Content is king.
Anyone who’s ever worked in publishing or broadcast media has heard this familiar mantra ad infinitum. In media, content is the bait. It’s what captures eyeballs, ears, attention, and engagement. It’s part of a timehonored contract with consumers: We’ll give you content, you give us attention—but you’ll have to agree to get ads or commercials as part of the bargain. The traditional media model is interruptive marketing.
That model still holds true, of course, and will continue to do so. But these days, traditional media is on a continual decline. Newspapers, television, radio, and magazines, although hardly on the verge of extinction, are nevertheless experiencing catastrophic disruption. Circulation and tune-in are sinking. Journalists are losing their jobs in record numbers.
Content can also create a virtuous circle in tandem with search engine optimization (SEO) efforts. More content helps a brand, product, service, or company rank higher in search engine results—provided that content is useful, helpful, relevant, or engaging. People talking about that content in social media channels creates links to the content, which in turn further elevates it, search-wise.
Content marketing is also coming to the fore as marketers realize the importance of focusing not only on the buying cycle, but also equally on the sales cycle. Marketers are then flipping the funnel over entirely as they quickly learn that customer service, reputation management, branding, positioning, and public relations (PR) are occurring in digital channels as well as positioning, lead generation, and nurturing.
Businesses of all kinds are adapting, and they’re learning how to create great content. A 2010 study conducted by the Business Marketing Association and American Business Media, in conjunction with MarketingProfs and Junta42, surveyed 1,100 marketers in North America and found nine out of ten businesses—across all industries and companies large and small—are incorporating content into the marketing mix. On average, they’re spending a quarter of their marketing budgets on content, and over half said they plan to increase that investment in the coming year.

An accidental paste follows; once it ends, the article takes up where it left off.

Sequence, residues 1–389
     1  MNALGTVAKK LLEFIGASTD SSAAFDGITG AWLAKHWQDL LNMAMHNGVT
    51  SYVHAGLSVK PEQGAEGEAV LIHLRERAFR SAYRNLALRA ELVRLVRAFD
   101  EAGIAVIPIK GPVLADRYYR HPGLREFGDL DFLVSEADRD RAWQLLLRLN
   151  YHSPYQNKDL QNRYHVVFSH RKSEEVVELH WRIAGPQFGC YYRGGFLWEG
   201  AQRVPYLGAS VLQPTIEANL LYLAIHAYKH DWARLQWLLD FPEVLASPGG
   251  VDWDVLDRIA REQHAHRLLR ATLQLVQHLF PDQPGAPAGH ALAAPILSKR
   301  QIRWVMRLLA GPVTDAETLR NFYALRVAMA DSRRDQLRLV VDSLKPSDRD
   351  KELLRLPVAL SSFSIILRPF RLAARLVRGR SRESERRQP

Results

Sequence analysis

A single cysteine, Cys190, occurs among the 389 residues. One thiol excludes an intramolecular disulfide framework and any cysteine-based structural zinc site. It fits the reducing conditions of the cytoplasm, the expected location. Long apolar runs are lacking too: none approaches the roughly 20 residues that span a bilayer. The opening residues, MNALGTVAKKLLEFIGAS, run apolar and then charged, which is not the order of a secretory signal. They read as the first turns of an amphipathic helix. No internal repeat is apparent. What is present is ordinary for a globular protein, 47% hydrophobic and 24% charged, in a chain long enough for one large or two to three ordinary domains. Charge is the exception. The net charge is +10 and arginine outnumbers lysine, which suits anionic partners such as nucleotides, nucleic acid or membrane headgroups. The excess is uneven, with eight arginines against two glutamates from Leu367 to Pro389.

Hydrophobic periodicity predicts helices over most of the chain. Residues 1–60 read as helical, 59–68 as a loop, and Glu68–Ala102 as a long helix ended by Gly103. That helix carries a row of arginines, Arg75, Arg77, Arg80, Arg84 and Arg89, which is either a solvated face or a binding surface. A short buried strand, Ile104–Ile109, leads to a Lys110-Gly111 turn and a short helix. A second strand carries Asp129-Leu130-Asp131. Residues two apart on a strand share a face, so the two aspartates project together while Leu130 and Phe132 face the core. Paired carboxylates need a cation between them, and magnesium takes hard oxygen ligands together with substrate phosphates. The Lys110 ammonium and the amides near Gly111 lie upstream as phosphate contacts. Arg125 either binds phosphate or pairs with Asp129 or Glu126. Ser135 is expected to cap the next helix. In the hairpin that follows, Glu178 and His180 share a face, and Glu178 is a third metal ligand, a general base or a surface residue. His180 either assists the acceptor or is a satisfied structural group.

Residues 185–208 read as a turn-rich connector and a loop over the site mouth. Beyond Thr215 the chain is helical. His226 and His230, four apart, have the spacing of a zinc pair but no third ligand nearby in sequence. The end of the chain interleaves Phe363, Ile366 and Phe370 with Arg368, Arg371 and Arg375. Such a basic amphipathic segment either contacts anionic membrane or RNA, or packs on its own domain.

These marketers know content can provide the solutions prospective buyers are seeking when they use search. They know prospects need to be educated before making buying decisions. They know that when credible, trustworthy information is found, it can easily be shared with others involved in the buying process.
They know they can become publishers. Rather than invest time, money, and resources buying or influencing media with advertising or public relations campaigns, savvy marketers can redirect the flow of that money to become the media.
Marketers worldwide have caught on to these strategies. Although, as Figure 2.4 illustrates, most still rely on print to distribute at least some of their content, virtually all marketers have made digital the centerpiece of any content distribution strategy.
Case in point: For many years, I was editor-in-chief of the top online publication covering the digital marketing industry. Our bread and butter was selling ads to marketing technology companies and publishing those ads in our email newsletters and on the website.
HubSpot is a marketing technology company—one that would have been a hot prospect to my former employer’s ad sales team. But no longer. A serious, longterm commitment to content marketing means the company features more than 50 digital marketing case studies on its website—all with videos. The site attracts roughly one million unique visitors per month. It sends email newsletters to more than 700,000 subscribers who have opted in to receive them. More than 100,000 people follow the company on Twitter, while another 50,000 track the company’s LinkedIn updates. As a result, the company is spending little on other sales and marketing efforts.
And I promise you, these numbers seriously compete with the subscriber, following, and website traffic statistics of the major editorial property I led just a few short years ago.
Consumers have come to expect content from brands and the companies they do business with. More and more, marketing is structured to supply content and to enable customers to use it, interact with it, and share it.
To sell, engage, educate, and inform in a highly competitive online environment, the time for marketers to embrace content marketing is now.